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Reaching for Recovery

Jimmy and Yvonne Oakes lead nonresidential efforts for the addicted.

Over 41 million people in the United States struggle with diagnosed addiction; however, 90% of these men and women will not, or cannot, enter a residential recovery program.

“There are 38 million people that are not adequately seeking treatment,” says Jimmy Oakes, who with his wife, Yvonne, is a U.S. missionary with Adult & Teen Challenge. “We need resources to help them.”

“Not everyone is ready to start their journey to recovery at the same time,” Yvonne says.

Over the past two years, Jimmy and Yvonne have been working with Ready Now Recovery, a program designed to reach individuals who will not go into an Adult & Teen Challenge residential program.

Prior to their work with Ready Now Recovery, the couple served as missionary associates with Chi Alpha Campus Ministries at the University of Arkansas for eight years and ministered in Athens, Greece, for two years. They also spent time with Teen Challenge Adventure Ranch in Arkansas as missionary associates for eight years before joining the Adult & Teen Challenge national office in 2020.

Growing up in a home with addiction present, Yvonne’s passion for helping families with similar experiences started young. At 17, God radically invaded her life, and she accepted Christ as her Savior.

“I know there is hope out of that life,” Yvonne says. “I want to help place that hope within reach for others.”

While Adult & Teen Challenge originally offered only residential programs, more people struggling with life-altering addictions now can be reached. Ready Now Recovery, Adult & Teen Challenge’s small group and support group ministry, launched in June 2021.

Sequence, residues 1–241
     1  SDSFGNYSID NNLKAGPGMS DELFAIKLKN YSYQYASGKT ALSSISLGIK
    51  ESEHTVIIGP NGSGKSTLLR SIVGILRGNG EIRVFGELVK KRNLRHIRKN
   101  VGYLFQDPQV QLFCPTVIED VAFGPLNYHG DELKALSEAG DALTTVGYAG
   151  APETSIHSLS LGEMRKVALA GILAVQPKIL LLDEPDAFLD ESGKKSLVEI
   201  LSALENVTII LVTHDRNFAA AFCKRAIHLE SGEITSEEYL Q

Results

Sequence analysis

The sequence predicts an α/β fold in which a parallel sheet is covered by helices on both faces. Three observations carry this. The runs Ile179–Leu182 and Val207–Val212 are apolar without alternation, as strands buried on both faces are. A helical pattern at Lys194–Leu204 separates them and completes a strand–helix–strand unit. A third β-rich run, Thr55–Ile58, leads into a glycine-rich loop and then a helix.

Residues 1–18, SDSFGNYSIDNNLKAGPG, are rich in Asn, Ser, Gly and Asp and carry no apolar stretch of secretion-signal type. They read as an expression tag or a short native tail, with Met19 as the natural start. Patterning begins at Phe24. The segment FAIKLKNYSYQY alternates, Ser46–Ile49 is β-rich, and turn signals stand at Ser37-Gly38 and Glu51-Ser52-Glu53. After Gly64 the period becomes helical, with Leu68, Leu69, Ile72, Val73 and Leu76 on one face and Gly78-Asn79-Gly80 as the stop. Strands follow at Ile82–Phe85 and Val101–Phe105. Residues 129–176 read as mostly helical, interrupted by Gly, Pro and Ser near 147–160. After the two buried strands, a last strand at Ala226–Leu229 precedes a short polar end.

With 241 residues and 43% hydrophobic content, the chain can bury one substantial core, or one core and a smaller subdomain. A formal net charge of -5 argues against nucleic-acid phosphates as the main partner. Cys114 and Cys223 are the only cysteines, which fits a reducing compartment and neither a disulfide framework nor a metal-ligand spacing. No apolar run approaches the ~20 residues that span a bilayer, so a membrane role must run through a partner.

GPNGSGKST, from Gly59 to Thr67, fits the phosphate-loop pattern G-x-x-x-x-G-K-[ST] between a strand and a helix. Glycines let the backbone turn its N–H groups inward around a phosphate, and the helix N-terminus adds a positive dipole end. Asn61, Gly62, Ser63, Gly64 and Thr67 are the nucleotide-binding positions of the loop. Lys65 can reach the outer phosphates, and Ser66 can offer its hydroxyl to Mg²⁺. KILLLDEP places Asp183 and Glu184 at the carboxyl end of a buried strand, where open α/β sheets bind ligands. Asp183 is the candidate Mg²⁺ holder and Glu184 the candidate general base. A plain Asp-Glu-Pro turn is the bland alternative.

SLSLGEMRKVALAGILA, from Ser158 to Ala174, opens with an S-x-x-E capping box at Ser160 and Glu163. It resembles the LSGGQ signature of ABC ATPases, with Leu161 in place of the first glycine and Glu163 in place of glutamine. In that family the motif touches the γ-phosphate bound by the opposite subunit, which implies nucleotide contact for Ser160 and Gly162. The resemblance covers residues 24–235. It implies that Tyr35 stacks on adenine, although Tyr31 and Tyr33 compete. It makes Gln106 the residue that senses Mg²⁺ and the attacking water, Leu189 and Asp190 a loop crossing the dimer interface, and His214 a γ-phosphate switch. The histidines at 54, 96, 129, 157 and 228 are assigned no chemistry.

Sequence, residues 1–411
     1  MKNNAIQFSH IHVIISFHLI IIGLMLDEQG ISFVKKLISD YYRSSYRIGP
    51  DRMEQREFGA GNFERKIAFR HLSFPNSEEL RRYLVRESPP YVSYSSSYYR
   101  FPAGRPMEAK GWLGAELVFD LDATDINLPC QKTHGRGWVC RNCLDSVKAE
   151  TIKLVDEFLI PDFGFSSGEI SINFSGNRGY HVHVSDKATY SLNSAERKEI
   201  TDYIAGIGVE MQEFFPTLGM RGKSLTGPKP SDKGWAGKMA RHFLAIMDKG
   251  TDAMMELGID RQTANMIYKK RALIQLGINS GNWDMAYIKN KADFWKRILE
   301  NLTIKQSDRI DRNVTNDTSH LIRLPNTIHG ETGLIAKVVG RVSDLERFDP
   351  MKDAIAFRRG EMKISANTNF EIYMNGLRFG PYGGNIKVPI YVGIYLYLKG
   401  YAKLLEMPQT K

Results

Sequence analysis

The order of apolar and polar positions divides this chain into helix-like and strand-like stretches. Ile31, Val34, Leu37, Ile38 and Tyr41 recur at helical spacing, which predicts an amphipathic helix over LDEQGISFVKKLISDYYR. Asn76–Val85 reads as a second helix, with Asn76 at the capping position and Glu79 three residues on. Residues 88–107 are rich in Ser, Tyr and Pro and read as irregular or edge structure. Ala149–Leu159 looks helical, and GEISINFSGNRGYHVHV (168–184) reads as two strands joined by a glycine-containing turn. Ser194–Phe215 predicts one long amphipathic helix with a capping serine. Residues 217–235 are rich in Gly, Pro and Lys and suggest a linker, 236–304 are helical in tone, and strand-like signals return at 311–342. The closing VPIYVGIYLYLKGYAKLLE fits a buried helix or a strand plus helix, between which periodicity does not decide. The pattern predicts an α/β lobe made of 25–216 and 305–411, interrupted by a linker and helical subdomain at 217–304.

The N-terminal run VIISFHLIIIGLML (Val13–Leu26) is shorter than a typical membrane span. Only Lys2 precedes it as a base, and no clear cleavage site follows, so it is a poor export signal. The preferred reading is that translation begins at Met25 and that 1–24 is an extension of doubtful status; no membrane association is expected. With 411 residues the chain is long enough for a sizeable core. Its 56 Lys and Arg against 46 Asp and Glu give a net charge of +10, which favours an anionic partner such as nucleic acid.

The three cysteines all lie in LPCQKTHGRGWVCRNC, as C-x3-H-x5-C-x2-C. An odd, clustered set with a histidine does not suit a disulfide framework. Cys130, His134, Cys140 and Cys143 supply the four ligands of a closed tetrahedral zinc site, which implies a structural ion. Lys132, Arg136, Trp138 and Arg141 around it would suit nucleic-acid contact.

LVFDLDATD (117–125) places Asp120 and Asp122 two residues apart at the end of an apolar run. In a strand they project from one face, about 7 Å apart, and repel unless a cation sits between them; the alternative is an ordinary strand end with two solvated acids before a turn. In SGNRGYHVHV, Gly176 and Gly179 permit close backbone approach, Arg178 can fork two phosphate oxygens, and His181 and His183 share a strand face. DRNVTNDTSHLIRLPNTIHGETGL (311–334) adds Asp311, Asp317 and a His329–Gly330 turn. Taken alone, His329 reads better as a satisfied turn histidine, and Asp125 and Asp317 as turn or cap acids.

Everything Ready Now Recovery does has a biblical basis. The program equips group leaders, called facilitators, with the training and resources needed to run a support group for individuals dealing with addiction and their family members. They also provide referrals to residential Adult & Teen Challenge facilities.

Currently, there are 67 active Ready Now Recovery groups in the U.S. This includes virtual groups that allow people to be involved no matter where they are. While most group facilitators are volunteers, they all must undergo at least 25 hours of instruction plus annual training before being eligible to lead a group. Additionally, the Oakeses believe that it is important for facilitators to help meet multiple needs of people in their group, not just their addictions. They encourage facilitators to be aware of local resources and volunteer in their community once a month. This allows facilitators to meet individuals in need and to help them in practical ways.

While most people say mentorship is helpful, a majority do not know how to successfully mentor others, according to the Oakeses. Ready Now Recovery’s training helps group facilitators learn feasible ways to walk alongside others. The program also works to equip churches, in partnership with local Adult & Teen Challenge programs, to know how to best minister to those struggling in their neighborhoods.

“A lot of people who become facilitators are recovered addicts or have addicted family members,” Jimmy says. For instance, after one young man graduated from a residential Adult & Teen Challenge program, he went to college and became a student leader at his school’s Chi Alpha group. His mother, seeing the affect Adult & Teen Challenge had on her son, has become a facilitator for a support group for parents.

Shortly after launching Ready Now Recovery, Jimmy and Yvonne heard the testimony of a group in Arkansas doing work in local jails.

“They are having revivals in the middle of these jails and reaching people in ways we never could,” Yvonne says. “Through the training and equipping of others, we are reaching so many more people.”

The Oakeses are hoping to continue expansion of Ready Now Recovery. They are working with Chaplaincy Ministries to get Ready Now Recovery groups accessible to military personnel.

Samara Smyer

Samara Smyer works as communications and content strategist for Assemblies of God U.S. Missions. She graduated from College of the Ozarks in Point Lookout, Missouri, where she received a Bachelor of Arts in Journalism.